Yale UCL Senior Scientist Lecture Series
Tuesday, 13 November 2012 from 17:30 to 18:30 (GMT)
London, United Kingdom
Playing in Traffic: Novel Signaling and Trafficking Mechanisms in the Kidney
Professor Michael Caplan
C.N.H. Long Professor and Chair of
the Department of Cellular and Molecular Physiology,
Yale University School of Medicine
Tuesday 13 November 2012, 5.30pm-6.30pm
JZ Young Lecture Theatre
UCL Medical Sciences and Anatomy Building
Gower Street, London. WC1E 6BT
This is a public event, and is open to all, thasnk to the generous support of SHM Productions. This lecture will be of particular interest not only to medical students, medical researchers and other medical professionals but also to the informed general public.
The lecture will be followed by a reception for Professor Sessa, held in the North Cloister, UCL Wilkins Building, to which all ticket holders are cordially invited.
Posters for this event, suitable for local printing, may be downloaded as follows:
Black and white:
Abstract: The physiological properties of epithelial cells are determined largely by the ion transport proteins that occupy their apical and basolateral plasma membrane domains. Generation and maintenance of epithelial polarity requires cells to possess sorting machinery that discriminates among newly synthesized membrane proteins and sends them to their appropriate subcellular destinations. To follow the post-synthetic fate of newly synthesized epithelial membrane proteins, we have adapted a technique that permits direct observation of temporally-defined cohorts of proteins via the combination of fluorescence microscopy with pulse-chase labeling protocols. This technique also allows us to purify temporally-defined cohorts of proteins of interest and thus to begin to define their “temporal interactomes”.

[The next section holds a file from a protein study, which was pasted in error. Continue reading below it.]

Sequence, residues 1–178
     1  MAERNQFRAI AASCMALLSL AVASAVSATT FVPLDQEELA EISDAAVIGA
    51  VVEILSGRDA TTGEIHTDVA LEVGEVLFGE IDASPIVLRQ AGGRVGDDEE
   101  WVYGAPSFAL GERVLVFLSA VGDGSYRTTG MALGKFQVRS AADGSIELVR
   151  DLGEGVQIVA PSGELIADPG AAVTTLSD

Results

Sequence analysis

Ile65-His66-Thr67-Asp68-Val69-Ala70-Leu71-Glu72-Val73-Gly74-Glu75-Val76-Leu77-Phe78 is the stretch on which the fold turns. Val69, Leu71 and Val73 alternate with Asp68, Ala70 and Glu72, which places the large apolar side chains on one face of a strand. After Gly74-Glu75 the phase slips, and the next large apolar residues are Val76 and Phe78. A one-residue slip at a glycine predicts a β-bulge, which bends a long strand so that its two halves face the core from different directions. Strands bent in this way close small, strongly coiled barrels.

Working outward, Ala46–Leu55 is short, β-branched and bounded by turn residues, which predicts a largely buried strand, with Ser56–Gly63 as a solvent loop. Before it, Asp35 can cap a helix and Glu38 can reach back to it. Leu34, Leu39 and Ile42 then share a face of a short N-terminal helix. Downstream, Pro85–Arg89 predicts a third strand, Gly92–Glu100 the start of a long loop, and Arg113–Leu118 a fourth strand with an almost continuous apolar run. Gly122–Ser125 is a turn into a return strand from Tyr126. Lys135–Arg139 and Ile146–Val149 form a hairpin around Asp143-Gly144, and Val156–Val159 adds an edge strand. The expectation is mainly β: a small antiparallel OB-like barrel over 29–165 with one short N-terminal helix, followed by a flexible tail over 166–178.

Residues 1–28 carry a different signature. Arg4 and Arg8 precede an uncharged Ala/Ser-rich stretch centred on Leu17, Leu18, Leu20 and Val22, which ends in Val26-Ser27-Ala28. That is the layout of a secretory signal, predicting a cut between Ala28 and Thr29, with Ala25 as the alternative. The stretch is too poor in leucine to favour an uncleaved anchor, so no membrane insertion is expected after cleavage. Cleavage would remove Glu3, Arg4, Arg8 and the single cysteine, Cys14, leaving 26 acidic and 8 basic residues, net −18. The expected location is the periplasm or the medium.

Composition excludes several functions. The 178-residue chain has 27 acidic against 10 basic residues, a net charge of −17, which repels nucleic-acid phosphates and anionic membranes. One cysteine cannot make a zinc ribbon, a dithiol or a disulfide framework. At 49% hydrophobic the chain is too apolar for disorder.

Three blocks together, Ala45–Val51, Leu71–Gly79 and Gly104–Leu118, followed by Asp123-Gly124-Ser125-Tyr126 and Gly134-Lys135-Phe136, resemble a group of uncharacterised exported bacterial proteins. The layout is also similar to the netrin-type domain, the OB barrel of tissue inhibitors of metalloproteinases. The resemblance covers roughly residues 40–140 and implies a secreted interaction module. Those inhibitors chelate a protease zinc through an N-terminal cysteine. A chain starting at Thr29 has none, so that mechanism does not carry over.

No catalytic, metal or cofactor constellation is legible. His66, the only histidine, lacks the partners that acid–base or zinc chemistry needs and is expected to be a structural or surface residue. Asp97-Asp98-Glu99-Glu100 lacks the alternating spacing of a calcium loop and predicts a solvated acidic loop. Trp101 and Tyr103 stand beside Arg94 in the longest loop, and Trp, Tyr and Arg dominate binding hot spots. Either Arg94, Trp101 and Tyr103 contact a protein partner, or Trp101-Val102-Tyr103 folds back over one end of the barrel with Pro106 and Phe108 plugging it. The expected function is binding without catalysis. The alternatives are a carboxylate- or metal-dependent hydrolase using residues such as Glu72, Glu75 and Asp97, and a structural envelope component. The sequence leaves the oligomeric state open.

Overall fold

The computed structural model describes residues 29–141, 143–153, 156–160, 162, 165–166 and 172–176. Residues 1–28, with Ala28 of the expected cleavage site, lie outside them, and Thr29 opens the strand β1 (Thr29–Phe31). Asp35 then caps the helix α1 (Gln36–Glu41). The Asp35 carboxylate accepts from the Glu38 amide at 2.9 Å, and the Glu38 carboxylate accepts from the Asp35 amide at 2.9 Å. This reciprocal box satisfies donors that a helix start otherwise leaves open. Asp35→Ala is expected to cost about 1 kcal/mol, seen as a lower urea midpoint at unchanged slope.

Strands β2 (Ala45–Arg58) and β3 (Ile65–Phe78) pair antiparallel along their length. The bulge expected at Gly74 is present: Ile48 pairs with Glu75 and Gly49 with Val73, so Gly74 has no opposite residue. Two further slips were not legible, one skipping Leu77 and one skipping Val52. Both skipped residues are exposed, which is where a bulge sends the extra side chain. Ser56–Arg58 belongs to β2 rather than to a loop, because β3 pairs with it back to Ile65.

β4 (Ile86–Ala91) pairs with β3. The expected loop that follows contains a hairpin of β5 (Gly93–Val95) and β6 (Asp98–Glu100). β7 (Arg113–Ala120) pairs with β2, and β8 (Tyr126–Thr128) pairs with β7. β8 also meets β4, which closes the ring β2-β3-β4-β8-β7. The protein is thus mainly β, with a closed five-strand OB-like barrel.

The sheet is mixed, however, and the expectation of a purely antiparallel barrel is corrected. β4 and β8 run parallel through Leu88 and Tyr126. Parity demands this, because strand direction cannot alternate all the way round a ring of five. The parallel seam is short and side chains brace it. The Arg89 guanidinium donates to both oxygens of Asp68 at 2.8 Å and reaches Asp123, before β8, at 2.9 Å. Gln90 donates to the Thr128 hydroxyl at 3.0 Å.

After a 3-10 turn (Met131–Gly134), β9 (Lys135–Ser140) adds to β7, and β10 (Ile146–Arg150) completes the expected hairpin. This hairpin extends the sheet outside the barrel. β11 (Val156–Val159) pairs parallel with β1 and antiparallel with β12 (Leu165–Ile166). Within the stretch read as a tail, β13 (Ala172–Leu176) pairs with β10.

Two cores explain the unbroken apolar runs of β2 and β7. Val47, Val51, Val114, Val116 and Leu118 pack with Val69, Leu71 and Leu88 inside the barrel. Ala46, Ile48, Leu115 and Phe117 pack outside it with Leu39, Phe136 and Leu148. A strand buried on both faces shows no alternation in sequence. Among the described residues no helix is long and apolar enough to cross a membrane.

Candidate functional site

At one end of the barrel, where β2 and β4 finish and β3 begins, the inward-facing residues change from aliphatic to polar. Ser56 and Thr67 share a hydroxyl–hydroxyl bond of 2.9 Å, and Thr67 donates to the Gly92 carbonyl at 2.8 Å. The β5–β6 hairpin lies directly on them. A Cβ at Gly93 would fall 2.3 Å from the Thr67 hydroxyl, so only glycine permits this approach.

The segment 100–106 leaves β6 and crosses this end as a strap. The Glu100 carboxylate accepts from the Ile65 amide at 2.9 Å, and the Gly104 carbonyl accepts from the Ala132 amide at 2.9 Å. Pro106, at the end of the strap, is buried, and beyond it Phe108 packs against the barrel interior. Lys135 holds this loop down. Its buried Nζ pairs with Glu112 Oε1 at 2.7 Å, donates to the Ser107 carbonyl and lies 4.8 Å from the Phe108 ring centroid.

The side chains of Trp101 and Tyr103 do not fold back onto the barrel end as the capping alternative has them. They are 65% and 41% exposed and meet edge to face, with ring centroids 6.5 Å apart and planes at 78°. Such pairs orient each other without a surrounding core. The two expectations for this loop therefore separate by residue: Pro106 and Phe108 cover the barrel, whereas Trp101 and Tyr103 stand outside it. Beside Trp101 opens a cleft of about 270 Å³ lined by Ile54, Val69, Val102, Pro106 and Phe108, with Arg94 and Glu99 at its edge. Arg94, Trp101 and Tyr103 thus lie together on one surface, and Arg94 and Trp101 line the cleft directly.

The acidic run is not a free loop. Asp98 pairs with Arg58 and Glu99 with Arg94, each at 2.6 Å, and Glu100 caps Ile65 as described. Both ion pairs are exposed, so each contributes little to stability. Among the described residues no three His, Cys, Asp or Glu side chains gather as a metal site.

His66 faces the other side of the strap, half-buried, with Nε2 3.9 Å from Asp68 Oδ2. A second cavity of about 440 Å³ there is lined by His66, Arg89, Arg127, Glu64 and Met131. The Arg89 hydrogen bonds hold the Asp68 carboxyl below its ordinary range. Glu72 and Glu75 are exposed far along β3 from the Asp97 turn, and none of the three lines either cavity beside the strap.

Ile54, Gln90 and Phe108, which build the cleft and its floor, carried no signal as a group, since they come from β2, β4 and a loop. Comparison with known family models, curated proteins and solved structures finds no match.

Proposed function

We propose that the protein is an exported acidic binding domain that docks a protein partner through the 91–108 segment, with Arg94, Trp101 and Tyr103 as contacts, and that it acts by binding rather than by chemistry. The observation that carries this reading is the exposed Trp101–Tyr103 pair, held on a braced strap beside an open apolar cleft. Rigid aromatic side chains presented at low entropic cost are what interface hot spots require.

Perturbations in epithelial morphogenesis are associated with a number of human genetic diseases, the most common of which is Autosomal Dominant Polycystic Kidney Disease (ADPKD). Affecting ~1:1,000 individuals, ADPKD is associated with the replacement of renal nephrons with fluid-filled cysts that ultimately compromise renal function. Although the genes responsible for ADPKD are known, their functions remain mysterious. We find that one of the proteins encoded by an ADPKD gene undergoes a cleavage that releases a fragment that enters the nucleus and modulates transcription. We have begun to elucidate the signaling pathways involved in this process and have identified new potential therapeutic targets.
Finally, we find that the signal transduction machinery present in the cilia of olfactory neurons is also present in renal epithelial cells. Our data suggest that olfactory receptors participate in regulating renal function in response to chemosensory cues.
When & Where
Yale UCL Collaborative (Biomedicine)
UCL and UCL Partners have entered into a unique collaboration with Yale University, Yale School of Medicine, Yale-New Haven Hospital, called the Yale UCL Collaborative. More ..